A1c 5.1

By Bluegill88 Latest Reply 2011-11-24 01:04:04 -0600
Started 2011-10-21 16:59:51 -0500

My doctor says that this was agood reading. At first he said that when they took my blood work my sugar was 268, but when the tests came back my A1c was 5.1.
How did this happen?

6 replies

annesmith 2011-11-23 00:49:39 -0600 Report

I found that when my A1c was 5.9, my highs were in the 300s-600s, and my lows were in the 50s——not good. That is why I do not care for the A1c, because a nurse or doctor looks at that one number…5.9, then he or she says to me " OH…this is excellent…your averages are only 123 or 126." Then, they assume that my highs are RARE, as in they assume I hit around 160s for highs, and that I am consistently in the 90s and 120s——nothing could be farthest from the truth…so the next time I go in, I am showing them the wide range I have…I think it's great your A1c was 5.1—-maybe yours are more consistent than mine…that I do not know, so , didn't mean to scare you…I'm just so tired of being generically thrown in as " OH…hardly anything wrong with you." Sincerely, ANNE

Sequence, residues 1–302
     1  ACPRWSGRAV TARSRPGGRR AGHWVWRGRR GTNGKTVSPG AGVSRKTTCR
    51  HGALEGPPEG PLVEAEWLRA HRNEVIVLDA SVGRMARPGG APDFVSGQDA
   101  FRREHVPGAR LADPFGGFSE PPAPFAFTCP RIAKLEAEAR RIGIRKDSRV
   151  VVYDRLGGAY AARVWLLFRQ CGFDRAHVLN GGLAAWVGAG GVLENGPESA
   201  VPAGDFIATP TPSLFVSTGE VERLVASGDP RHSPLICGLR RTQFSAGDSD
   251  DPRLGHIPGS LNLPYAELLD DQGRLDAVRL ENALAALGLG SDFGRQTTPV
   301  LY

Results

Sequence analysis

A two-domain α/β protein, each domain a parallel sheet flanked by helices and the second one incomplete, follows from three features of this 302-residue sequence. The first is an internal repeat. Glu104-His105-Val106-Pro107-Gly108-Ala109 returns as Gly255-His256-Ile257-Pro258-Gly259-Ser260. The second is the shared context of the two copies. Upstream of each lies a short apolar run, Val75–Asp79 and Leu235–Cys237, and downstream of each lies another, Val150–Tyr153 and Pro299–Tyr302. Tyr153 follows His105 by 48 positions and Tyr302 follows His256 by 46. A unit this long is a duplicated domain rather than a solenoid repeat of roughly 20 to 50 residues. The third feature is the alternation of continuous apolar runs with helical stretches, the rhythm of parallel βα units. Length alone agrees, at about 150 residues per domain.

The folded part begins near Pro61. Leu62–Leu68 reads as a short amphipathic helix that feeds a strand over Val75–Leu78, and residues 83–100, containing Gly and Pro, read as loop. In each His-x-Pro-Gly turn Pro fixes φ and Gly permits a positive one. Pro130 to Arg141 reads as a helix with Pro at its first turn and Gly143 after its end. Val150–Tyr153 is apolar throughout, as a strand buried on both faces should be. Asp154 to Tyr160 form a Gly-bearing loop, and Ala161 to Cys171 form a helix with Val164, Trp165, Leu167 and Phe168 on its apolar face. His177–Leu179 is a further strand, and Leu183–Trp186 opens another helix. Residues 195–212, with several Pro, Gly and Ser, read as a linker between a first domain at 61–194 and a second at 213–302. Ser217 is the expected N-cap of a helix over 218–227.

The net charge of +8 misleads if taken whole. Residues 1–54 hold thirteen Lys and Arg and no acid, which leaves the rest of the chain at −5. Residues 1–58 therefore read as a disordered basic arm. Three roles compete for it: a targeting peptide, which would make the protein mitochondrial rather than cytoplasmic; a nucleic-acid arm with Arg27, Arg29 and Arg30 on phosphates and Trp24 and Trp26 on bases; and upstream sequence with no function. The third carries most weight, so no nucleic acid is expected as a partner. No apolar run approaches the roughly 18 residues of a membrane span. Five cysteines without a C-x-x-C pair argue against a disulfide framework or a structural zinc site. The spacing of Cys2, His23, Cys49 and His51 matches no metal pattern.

Bluegill88 2011-11-23 08:21:26 -0600 Report

I really appreciate your information, because you told me something that I did not know. You know when I was in to see my Doctor hs did not mention my sugar until I asked him what about my sugar. He said it fine, and he look at my blood results and said your sugar count is 5.5 when they they took your last blood test.
I will keep looking at my everyday tests to see where I am.
Again thanks you for this information.

annesmith 2011-11-24 01:04:04 -0600 Report

You're welcome…I'm glad to be able to help other people, as on this site I have found everybody here is SO supportive…sincerely, ANNE

Old-n-Grey-n-Wiser 2011-10-21 17:13:34 -0500 Report

What is the difference between A1C and the blood glucose measure obtained through daily self-monitoring?

A1C results, which tend to be measured at least 2 times a year as part of a visit with the doctor, measure average blood glucose control over the past 2 to 3 months. Results from the A1C test are reported in percentage points (i.e., A1C of 7%).

When people with diabetes test their blood glucose through daily self-monitoring, those results are reported in different units – mg/dl (i.e., 170 mg/dl). They represent the level of glucose in the blood at that moment in time, but do not give any indication of what the level is at other times of day.

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